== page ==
Nora Magers finds her passion through FHC’s Girls Swim and Dive Team

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A picture of Nora Magers swimming during her swim meet.

For the past eight years, freshman Nora Magers has been making repetitive strokes back and forth for the FHC Girls Swim and Dive Team. Nora started swimming when her mom–who has been swimming since she was Nora’s age—encouraged her to in the first grade.

Nora knows that in order to have a successful team, she must also have a good coach to help lead. When Nora was on a team in middle school before she moved, she recalled a moment when she didn’t have a great coach to help bring the team closer together. 

“I had a coach in the past before I moved to [Grand Rapids] who would pick favorites,” Nora said. “If you weren’t his favorite, he wouldn’t pay attention to you, and you wouldn’t know how to correct something you were doing wrong.”

From this experience, if there’s anything Nora has learned, it’s that working together and having conversations are equally important when being a part of a team. Communication is most important when it comes to swimming with your​​ peers, along with learning to not give up and learning to put in all your effort. 

Without communication, it is more likely to be a disconnect, and it will make it more difficult to not bump into other swimmers. Nora can recall too many times where she has faced the struggle of sharing lanes with other swimmers 

“You have to share lanes because there is only a certain amount,” Nora said. “You have to communicate with people in your lane to figure out the best way to run things in your lane. If someone is faster than you and going behind you, then you have to let them go in front of you.”

Nora hopes to continue swimming all throughout high school and has found that she enjoys advocating for others. The satisfaction she gains from seeing other people succeed makes her happy in knowing that she was able to help them. 

Don’t give up because it might seem really hard at the moment, but I promise; it will get better.”

— Nora Magers

“You have to be a leader on your team,” Nora said, “especially with the middle school swim team, there are some people that haven’t swam before. My coach asked me and a couple [of] other girls to step up and help some of those girls during their first meet.”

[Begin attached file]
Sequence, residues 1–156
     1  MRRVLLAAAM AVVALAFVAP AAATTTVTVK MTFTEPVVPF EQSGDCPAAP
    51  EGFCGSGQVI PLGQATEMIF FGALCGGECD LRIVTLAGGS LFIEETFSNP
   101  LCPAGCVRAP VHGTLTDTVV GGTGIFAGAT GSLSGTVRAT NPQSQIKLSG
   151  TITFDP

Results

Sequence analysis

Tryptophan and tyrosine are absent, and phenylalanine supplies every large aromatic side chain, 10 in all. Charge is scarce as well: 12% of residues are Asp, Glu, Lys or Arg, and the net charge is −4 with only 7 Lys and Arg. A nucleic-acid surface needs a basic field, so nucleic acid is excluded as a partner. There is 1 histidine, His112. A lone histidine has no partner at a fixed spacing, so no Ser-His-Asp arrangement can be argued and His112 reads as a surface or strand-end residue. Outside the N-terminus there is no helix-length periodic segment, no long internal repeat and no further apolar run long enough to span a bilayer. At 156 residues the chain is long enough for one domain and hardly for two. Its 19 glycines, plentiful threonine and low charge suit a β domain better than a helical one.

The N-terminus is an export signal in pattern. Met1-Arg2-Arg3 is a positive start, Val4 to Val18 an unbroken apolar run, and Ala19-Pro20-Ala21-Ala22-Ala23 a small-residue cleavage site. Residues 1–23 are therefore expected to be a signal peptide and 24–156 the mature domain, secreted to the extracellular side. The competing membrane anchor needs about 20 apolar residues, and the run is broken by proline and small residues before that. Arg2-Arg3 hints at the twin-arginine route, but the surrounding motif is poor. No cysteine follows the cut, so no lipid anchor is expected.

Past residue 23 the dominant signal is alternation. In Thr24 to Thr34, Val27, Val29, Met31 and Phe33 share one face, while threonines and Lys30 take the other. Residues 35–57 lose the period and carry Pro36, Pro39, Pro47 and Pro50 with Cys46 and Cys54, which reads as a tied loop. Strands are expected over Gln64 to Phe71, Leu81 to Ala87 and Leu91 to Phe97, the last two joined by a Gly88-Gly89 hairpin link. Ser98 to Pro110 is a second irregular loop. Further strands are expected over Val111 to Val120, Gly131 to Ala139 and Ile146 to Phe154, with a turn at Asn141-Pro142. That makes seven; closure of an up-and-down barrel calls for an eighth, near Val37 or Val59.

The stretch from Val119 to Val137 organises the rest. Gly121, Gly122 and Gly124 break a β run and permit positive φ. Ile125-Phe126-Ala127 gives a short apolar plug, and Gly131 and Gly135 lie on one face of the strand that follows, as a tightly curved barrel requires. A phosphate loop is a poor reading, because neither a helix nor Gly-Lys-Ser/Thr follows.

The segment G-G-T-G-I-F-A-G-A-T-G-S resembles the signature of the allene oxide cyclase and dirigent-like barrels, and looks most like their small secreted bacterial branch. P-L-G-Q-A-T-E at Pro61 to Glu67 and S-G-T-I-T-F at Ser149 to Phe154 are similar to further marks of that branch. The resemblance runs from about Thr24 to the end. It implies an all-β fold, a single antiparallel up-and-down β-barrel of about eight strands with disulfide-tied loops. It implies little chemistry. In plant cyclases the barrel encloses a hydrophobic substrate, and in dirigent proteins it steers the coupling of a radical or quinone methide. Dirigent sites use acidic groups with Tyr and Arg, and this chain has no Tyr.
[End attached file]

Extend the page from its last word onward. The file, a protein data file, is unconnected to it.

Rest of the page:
Since Nora has moved up to the high school level, the swim team has become a lot more competitive–something that not only motivates Nora to try harder, but also makes the sport more fun to be a part of. 

Although swimming is a team sport, everyone competes by themselves to gain the most points for their team. 

“With my club team,” Nora said, “there are some people that will try and do anything to win, even if you have to beat people on your team. [Competition] motivates me [during] races. I can see someone in the corner of my eye, and I’ll try to go faster so that I can do better.”

But with any sport, there are always downsides. As someone who is a night owl, Nora often finds herself facing the struggle of having to wake up early to attend swim practice in the morning. Swimming, along with six hours of school during the weekdays, has not made it easy for her to create a balance between the two, but it has taught Nora how to manage her time more efficiently, despite how long the swim meets can be. 

“My sleep schedule is all over the place,” Nora said. “I wake up early to go to practice, [and] by the end of the day, I [am] so tired that most days it’s hard to stay awake at night and do my homework. But as the season went on, I learned to manage my time better.”

Throughout the course of the eight years that Nora has been doing swimming lessons, the journey hasn’t been easy. Swimming has made Nora realize that practice really does make perfect. In order to see results, she has to put in the work. 

“Don’t give up because it might seem really hard at the moment,” Nora said. “I promise; it will get better. Once you hit a certain point, it’s the best [feeling].”